In a recent judgment of M/s Mayavati Trading Pvt Ltd v Pradyuat Deb Burman, a three-judge bench of the Supreme Court overruled the judgment in United India Insurance Company v Antique Art Exports Private Limited (2019), and held that the court’s power in an application for appointment of arbitrator under section 11 of the Arbitration and Conciliation Act, 1996, is confined only to the examination of the existence of a valid arbitration agreement, and the court cannot decide on the arbitrability of a dispute.

The Supreme Court, after considering the 246th Law Commission Report (2014) and the earlier judgments of the Supreme Court, held that the law prior to the 2015 amendment, i.e., while entertaining a section 11 petition for appointment of an arbitrator, which included going into preliminary objections, has now been legislatively overruled by the 2015 Amendment Act, and therefore the courts should now only look into whether there is an arbitration agreement or not, nothing more, nothing less.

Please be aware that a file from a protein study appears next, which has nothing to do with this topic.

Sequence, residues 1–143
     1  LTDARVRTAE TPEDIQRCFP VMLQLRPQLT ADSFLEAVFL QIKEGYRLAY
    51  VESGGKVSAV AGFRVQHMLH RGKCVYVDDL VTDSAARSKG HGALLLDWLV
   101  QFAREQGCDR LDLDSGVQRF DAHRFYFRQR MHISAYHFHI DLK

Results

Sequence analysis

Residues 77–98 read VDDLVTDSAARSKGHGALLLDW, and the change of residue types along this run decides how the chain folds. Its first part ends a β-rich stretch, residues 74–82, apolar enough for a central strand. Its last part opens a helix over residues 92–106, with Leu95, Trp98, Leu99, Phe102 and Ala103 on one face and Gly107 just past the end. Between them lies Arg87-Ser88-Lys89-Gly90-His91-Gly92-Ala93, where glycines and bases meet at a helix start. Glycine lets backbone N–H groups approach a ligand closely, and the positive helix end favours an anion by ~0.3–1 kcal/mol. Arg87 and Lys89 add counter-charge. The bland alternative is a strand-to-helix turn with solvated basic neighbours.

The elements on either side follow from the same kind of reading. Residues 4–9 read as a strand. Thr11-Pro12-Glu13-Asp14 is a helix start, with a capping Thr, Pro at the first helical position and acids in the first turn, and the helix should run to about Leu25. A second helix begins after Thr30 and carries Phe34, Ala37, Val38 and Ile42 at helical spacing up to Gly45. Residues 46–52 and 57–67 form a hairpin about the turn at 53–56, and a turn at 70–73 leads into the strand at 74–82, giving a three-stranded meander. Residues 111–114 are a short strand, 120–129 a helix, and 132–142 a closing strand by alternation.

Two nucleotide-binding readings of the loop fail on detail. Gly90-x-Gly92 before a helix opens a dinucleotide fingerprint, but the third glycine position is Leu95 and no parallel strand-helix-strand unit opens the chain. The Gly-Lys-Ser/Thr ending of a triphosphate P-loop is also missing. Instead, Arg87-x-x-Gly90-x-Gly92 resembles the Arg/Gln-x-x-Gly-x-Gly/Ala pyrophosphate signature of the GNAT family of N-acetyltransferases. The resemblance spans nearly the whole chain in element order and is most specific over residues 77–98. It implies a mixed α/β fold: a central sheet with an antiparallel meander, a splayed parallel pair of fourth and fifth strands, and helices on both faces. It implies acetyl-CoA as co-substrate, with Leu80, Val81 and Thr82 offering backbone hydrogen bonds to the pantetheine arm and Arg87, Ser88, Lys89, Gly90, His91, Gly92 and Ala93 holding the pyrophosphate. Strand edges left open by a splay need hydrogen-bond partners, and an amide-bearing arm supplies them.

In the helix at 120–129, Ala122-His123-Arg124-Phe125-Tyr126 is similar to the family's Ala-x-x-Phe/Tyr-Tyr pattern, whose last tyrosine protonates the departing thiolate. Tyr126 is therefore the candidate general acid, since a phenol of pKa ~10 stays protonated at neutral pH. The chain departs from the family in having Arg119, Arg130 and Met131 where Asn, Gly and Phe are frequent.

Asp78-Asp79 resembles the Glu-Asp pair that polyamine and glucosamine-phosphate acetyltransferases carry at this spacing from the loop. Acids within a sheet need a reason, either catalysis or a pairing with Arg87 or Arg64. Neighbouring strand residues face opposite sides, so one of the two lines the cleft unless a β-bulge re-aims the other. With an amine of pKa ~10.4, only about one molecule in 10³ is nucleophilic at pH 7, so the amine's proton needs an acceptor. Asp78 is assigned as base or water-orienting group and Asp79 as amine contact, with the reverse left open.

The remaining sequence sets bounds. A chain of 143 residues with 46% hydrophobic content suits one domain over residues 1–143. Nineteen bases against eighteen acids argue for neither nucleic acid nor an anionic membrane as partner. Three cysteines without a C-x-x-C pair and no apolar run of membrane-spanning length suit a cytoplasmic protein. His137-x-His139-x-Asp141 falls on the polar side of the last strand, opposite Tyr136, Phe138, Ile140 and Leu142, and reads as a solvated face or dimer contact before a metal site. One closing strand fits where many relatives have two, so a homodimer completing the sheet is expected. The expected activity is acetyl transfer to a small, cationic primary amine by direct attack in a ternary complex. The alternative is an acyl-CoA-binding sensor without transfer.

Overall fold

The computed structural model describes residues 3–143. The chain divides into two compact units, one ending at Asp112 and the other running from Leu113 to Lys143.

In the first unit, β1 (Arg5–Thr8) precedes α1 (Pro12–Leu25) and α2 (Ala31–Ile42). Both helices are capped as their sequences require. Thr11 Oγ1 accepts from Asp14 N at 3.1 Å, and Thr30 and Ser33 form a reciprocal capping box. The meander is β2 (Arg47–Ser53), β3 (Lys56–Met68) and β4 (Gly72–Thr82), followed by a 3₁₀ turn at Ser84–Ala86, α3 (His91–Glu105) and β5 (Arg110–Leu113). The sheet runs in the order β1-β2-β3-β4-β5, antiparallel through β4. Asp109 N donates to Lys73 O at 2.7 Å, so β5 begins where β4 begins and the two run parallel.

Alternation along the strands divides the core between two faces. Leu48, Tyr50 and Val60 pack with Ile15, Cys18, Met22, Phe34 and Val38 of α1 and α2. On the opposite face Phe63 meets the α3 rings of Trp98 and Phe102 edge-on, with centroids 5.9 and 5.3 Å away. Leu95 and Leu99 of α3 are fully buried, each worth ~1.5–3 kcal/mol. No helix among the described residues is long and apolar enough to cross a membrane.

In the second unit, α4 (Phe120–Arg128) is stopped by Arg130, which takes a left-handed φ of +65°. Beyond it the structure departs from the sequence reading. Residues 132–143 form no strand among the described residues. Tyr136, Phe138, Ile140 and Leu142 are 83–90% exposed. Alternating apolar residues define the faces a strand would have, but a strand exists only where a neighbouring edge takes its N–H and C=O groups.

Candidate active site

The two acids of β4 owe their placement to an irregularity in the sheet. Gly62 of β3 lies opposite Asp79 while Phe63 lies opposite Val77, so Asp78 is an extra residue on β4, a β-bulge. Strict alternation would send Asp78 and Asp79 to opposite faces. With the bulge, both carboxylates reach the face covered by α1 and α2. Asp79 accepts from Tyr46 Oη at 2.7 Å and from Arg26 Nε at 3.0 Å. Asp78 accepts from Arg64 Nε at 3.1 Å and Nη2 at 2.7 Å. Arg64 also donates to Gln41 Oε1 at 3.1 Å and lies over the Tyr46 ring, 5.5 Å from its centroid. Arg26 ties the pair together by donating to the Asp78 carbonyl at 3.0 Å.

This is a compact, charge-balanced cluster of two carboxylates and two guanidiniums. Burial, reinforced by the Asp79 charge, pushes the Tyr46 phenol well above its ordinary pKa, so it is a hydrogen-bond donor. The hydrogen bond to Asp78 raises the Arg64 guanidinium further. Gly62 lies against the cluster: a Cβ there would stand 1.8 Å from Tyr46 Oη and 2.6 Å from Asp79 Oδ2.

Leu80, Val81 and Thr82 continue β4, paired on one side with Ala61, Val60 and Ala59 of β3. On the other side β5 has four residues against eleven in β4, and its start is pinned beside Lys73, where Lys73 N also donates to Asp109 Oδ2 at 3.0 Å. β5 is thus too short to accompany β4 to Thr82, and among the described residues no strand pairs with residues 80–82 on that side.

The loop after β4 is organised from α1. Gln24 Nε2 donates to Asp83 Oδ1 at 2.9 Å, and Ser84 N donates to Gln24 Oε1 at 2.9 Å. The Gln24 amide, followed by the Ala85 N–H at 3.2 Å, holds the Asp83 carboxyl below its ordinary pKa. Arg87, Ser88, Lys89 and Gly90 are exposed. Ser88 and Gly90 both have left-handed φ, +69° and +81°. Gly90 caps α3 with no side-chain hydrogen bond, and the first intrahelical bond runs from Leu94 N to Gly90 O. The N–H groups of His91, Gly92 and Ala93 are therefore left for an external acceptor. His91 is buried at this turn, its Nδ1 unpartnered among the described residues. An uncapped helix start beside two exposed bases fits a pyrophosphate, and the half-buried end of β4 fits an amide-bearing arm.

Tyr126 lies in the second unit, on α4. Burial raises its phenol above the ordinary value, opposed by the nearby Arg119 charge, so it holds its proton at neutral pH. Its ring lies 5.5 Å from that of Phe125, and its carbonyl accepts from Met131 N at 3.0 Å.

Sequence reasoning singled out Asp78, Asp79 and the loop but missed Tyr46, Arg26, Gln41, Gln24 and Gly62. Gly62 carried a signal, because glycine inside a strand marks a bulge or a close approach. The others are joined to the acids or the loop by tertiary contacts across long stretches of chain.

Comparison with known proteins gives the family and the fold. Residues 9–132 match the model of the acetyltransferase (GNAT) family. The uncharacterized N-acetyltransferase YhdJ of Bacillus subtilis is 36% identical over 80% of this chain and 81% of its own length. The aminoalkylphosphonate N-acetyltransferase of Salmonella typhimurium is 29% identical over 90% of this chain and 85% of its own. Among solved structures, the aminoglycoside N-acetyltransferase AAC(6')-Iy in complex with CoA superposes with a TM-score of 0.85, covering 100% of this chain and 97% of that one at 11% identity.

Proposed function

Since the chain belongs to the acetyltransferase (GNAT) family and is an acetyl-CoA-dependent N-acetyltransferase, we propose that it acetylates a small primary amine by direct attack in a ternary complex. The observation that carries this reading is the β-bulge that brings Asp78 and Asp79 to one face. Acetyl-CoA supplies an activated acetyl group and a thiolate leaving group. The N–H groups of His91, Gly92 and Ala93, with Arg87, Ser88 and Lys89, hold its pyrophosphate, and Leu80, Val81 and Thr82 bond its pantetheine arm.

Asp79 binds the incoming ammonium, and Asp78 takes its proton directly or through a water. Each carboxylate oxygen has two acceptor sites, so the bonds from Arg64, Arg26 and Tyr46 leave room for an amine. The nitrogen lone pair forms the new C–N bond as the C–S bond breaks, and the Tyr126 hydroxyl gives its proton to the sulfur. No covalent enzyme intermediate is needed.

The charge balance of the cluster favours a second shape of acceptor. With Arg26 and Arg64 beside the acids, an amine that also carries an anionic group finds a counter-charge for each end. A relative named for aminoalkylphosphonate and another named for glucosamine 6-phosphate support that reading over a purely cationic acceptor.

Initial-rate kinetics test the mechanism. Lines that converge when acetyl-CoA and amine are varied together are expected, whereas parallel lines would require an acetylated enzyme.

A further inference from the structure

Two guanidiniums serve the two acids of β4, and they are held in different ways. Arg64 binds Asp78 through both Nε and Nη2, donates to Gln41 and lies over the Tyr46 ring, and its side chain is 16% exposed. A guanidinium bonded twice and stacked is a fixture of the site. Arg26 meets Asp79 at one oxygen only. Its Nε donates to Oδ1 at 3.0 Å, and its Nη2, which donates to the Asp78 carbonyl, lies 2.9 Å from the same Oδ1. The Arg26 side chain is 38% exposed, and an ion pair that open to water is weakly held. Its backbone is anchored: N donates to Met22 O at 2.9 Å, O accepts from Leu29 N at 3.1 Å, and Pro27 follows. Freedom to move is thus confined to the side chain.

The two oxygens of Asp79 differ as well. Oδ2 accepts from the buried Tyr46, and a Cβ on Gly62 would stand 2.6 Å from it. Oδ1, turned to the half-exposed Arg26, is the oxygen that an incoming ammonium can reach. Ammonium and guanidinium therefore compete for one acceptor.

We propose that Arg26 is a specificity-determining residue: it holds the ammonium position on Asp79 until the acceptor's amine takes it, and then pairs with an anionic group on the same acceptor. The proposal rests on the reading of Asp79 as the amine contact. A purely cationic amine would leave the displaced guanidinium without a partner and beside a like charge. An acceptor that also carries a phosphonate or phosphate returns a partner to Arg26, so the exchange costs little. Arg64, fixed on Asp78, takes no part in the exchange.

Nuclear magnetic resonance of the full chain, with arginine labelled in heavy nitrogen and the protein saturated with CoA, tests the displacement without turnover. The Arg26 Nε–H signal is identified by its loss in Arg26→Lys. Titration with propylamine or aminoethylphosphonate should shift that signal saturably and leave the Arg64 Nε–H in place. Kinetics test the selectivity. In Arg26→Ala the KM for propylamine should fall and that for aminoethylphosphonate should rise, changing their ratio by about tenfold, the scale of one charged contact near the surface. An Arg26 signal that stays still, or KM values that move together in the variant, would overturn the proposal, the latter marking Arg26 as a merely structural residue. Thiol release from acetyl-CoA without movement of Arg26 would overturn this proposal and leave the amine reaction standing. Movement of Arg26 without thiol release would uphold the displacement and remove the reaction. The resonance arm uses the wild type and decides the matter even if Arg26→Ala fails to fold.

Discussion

The dispute digest is compiled by Bhasin & Co, a corporate law firm based in New Delhi. The authors can be contacted at Readers should not act on the basis of this information without seeking professional legal advice.